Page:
Paul recognized this and he used word “encouragement” fives times in his first letter to the church in Thessalonica. However, I don’t think encouragement came naturally to Paul. In fact, before Paul came to know Christ, there is little evidence that Paul placed much value in the ability to build others up. His main goal before his conversion was tearing others down. Therefore I believe that Paul had to learn the skills of encouragement.
You probably recall that Paul had a mentor for several years after his conversion to Christianity. He did not immediately step into his role as a missionary to the Gentiles. During his first missionary journey Paul traveled with a man from Cyprus named Joseph. Joseph was also the one who introduced Paul to the Apostles in Jerusalem and told them about Paul’s dramatic conversion. Joseph brought Paul to Antioch and gave him the opportunity to preach among the believers there. Further, Joseph was also the lead missionary on what is known as Paul’s first missionary journey.
If Joseph from Cyprus doesn’t sound familiar to you, it might be because he is better known by his nickname – Barnabas; the apostles gave him this nickname and it means “son of encouragement”. Encouraging others seemingly came naturally to Barnabas and Paul probably learned these skills from him and was led to place great value in their use. Perhaps, if we, as believers, put extra energy into encouraging one another as Paul urges us too, we would probably be well along the way of following Christ’s command “to love one another”.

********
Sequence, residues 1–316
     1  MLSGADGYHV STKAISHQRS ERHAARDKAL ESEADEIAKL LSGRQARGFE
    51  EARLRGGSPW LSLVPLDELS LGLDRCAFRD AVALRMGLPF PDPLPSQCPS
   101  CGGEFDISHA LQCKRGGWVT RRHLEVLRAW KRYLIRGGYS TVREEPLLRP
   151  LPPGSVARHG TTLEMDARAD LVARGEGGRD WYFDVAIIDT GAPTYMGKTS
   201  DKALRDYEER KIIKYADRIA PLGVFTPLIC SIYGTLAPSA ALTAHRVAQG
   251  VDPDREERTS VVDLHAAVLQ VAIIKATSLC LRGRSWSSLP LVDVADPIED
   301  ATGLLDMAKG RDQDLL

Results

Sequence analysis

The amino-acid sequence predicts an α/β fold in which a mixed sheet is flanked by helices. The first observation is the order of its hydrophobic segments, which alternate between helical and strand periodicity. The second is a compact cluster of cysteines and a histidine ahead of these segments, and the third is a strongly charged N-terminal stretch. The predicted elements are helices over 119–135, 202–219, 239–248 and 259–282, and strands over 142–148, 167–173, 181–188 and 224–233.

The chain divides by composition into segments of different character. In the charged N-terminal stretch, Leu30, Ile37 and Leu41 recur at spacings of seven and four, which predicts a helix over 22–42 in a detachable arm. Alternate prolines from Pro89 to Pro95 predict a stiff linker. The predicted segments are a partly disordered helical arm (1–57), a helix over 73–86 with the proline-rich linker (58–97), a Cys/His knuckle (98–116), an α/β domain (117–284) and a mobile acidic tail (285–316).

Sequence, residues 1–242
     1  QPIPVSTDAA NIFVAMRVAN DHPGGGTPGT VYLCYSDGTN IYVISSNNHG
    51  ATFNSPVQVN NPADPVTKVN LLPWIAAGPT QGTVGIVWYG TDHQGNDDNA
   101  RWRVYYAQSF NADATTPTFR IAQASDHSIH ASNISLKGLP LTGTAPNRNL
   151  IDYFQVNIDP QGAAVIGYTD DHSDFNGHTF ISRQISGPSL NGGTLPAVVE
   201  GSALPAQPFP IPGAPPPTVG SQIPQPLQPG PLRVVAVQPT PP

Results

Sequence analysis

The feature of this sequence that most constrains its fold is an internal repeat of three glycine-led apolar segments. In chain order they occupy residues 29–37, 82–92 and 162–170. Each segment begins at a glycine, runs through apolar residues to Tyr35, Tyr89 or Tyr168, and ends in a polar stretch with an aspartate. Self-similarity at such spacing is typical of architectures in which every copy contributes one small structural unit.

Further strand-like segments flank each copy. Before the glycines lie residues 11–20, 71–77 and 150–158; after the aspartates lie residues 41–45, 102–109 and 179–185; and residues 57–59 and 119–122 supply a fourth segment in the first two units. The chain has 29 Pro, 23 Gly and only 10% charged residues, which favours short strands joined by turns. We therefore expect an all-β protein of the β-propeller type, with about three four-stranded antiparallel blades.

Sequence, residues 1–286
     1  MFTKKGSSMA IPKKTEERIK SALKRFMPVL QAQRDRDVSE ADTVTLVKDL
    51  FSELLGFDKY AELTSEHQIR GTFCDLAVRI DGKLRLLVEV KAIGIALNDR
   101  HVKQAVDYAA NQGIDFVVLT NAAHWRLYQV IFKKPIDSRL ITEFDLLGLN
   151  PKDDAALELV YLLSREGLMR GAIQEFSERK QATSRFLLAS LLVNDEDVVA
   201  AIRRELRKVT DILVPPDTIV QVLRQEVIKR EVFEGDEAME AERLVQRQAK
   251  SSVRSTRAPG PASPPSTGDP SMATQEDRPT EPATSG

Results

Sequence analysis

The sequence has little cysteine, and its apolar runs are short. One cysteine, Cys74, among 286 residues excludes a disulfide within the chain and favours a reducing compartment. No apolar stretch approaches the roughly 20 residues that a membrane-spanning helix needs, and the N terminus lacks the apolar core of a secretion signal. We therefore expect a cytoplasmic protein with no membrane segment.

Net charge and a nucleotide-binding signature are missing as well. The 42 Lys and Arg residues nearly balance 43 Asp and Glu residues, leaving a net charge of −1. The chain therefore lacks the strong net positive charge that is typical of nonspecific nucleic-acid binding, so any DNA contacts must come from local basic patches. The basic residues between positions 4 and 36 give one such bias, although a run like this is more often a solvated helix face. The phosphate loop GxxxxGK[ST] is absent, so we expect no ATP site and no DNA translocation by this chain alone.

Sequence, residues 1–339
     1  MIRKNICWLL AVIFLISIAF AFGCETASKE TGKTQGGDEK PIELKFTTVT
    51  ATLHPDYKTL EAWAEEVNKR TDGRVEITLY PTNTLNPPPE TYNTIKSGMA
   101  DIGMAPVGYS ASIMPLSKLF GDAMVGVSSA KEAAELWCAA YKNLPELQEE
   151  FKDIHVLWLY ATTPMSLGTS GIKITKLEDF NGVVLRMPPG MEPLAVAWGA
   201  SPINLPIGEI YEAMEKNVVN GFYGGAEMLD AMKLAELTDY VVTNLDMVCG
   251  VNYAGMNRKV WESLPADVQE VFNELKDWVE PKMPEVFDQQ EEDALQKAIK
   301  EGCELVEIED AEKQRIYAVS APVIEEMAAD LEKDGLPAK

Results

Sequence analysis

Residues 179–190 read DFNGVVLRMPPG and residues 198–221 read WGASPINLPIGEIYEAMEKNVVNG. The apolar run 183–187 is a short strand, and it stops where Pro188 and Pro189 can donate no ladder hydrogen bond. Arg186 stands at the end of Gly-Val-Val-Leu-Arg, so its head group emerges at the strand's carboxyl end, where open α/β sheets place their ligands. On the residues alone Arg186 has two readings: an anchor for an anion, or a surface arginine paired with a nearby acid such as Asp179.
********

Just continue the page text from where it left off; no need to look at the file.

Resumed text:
The skill of encouraging does not come naturally to most of us. Perhaps, an important first step is to sensitize ourselves to the frequent expressions of discouragement that occur daily. Listening to our associates describe how they retaliated for some real or perceived wrong often reveals the words: “I really showed him/her!” or “ I bet he/she will think twice before they try that again!” Do such comments spark encouragement? Maybe the first step if we want to be encouraging is to avoid “put-downs”. Perhaps pausing before we speak and reflecting on the potential impact of our remarks will result in our uttering encouraging rather than discouraging remarks.
A second step may be for us to recognize that no one is all bad – that even in the “worst” of us there is some redeeming quality! It might take a bit of effort but might it be possible to find at least one thing about the person we can really appreciate and then share a positive rather than a negative comment?
Finally, we need to accept that we are all in the pilgrimage of life together. Each of us needs the comfort and encouragement of one another. Might this be why God established the church? In our individualistic culture it is sometimes hard to remember that church life was meant to be communal. We were chosen by God and placed in a family of believers to become part of a larger family aiding and encouraging one another. May each of us strive to attain the nickname of Barnabas rather than Joe Btfsplk and be an important source of encouragement for one another. Amen